In the Couples Communication class I teach, I focus on specific skills and techniques that can be used to improve your relationship. I also talk about attitude or approaches. In the beginning of the course, I talk about coming from a place of caring and respect. This is considered a starting place – the foundation of all of your communication. It is also one example of an attitude or approach.
What is attitude and what can be done about it? After all, isn’t it just like a mood or something you naturally have all of the time? If you try to change it are you being phony? These are good questions.
The answer to those questions lie in a a thorough understanding of what defines attitude. When you hear the word “attitude”, do you think of a teenager who doesn’t want to do what they are told? This would be annoying to their parent or teacher, and might be considered an “antagonistic” attitude. How about the child who pays attention and is helpful? This might be considered a “good” or “cooperative” attitude.
We begin to develop our general attitude toward life at an early age. But young and old alike we all have attitudes. Attitude is simply our inner approach to life and the external world. It is an outlook where we are “inside” looking “out” at the world. How we are approaching our situation, moving toward it or away, fearing or welcoming it, anticipating it to be good or bad, all define our attitude. It is how we choose to interact with the world.
Notice I used the word “choose” in that last sentence. This is an important point because attitude is flexible; it is chosen and can be changed. Your basic stance to the world develops over time and through habit, but it can change in an instant: the instant you decide to do things differently. Even though you may think your attitude is just part of who you are, it is really more an ingrained habit, and less authentic than making a conscious decision of what kind of attitude you’d like to take.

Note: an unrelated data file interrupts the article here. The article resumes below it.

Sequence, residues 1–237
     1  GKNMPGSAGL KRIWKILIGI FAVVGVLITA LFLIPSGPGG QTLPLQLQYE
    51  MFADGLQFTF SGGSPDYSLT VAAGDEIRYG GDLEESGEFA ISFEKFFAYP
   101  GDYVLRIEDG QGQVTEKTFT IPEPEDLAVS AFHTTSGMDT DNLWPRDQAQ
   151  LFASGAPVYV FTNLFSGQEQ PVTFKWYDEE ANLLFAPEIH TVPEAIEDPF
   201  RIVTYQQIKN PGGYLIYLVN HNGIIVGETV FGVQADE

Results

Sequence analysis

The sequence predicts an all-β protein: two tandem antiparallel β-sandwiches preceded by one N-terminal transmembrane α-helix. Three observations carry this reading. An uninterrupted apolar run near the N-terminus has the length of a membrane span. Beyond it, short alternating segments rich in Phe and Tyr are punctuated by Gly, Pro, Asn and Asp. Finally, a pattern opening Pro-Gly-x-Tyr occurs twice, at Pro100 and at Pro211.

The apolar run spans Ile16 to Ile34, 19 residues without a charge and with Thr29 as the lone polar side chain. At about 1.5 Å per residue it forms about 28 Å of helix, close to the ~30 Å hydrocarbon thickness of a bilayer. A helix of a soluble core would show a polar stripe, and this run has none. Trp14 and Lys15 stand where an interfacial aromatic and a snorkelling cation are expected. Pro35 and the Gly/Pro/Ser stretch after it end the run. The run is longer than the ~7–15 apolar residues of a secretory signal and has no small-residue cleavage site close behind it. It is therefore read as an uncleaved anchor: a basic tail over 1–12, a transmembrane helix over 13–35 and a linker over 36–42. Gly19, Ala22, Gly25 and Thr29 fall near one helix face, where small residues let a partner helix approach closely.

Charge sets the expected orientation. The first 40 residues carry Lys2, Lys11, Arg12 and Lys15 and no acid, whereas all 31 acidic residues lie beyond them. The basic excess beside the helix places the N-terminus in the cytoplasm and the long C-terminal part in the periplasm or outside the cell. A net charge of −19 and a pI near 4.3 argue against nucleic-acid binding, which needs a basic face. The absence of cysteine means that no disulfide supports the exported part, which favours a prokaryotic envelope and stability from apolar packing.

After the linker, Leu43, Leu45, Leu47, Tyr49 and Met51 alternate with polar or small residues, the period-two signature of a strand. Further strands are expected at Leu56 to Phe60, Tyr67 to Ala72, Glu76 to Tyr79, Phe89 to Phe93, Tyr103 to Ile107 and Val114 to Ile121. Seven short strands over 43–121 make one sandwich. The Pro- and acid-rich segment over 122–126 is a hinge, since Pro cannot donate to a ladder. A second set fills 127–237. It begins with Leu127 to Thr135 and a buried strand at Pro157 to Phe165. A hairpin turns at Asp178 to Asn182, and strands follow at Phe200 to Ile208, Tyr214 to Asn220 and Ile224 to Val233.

How can you tell if you could benefit from a little “attitude adjustment”? Go ahead and rate yourself on the questions below:
- How would you rate your attitude right now? (Poor – Fair – Average – Good – Exceptional)
- How would you rate your attitude in general? (Poor – Fair – Average – Good – Exceptional)
- How much would you say your attitude affects your daily experience? (Little impact – medium impact – huge impact).
- How much do you think it will affect your future? (Little impact – medium impact – huge impact).
Now, if you rated your attitude as exceptional and realize it’s impact in your life, you are doing great! But, if your attitude could use a boost, here is how you can begin to improve it:
- Be aware of your attitude. Become more conscious of how you are approaching your day, your tasks, and the people around you. Notice how you approach your situation and what is happening around you in each moment.
- Own your own attitude. Accept responsibility for it knowing that once you do, you also have control. Know that you are in charge of yourself.
- Decide how you want your attitude to be. Aim for an exceptional attitude! What would someone with an exceptional attitude think about your situation right now?
- Build your attitude. Flex those muscles and work it! Practice positive self-talk on a regular basis. Tell yourself how great it is, how good, positive, useful and fun your life is and is going to be! You’ll feel better right away, but practice makes perfect.
- Protect your attitude. Watch out for negative people and nay-sayers. Don’t let them ruin your attitude. Don’t adopt someone else’s poor attitude. Let them keep it! Think of it like a cold virus you don’t want to catch that will make you sick. If you can’t stay away from these folks, use inner self-talk to combat their negativity. Remind yourself: “I feel great! I’m choosing to have a good day. No one can take that from me. I can’t wait for what is next!”*
* Excerpt from The Gift, by Shad Helmstetter, PhD. (2005).